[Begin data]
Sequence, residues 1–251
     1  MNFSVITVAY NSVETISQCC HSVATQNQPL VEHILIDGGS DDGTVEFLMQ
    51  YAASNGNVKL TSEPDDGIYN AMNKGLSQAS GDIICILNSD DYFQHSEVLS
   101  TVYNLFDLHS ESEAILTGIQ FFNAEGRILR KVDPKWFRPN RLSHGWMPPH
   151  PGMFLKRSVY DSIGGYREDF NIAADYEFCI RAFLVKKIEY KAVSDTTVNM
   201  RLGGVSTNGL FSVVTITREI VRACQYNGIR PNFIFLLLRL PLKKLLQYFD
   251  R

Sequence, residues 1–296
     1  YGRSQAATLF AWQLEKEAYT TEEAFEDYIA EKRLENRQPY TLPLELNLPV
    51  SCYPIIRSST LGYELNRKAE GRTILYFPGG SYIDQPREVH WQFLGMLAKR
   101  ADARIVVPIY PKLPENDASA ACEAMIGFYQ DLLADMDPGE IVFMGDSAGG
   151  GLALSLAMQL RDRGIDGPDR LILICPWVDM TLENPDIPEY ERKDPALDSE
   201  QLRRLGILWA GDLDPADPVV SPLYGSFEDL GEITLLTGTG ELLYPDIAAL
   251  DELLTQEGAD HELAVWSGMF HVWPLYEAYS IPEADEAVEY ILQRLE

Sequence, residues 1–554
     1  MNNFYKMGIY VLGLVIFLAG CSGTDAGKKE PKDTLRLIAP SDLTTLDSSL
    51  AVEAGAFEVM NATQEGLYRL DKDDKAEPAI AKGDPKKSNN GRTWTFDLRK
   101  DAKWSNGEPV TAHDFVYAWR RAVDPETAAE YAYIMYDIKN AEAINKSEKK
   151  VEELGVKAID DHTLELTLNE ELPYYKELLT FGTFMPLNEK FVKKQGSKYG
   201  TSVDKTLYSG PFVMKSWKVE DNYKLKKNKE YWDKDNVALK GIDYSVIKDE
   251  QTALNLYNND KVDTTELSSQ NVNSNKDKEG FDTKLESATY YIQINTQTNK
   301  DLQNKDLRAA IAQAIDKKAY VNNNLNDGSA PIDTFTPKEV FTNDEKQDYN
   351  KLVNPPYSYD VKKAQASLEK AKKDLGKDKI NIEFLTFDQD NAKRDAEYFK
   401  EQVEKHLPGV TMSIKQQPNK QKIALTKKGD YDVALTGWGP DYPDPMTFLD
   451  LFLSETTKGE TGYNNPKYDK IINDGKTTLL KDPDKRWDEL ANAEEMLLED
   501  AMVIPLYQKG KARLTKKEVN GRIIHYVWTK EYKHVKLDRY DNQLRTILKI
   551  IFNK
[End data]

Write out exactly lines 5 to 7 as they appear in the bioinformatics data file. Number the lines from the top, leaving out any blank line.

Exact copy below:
   151  PGMFLKRSVY DSIGGYREDF NIAADYEFCI RAFLVKKIEY KAVSDTTVNM
   201  RLGGVSTNGL FSVVTITREI VRACQYNGIR PNFIFLLLRL PLKKLLQYFD
   251  R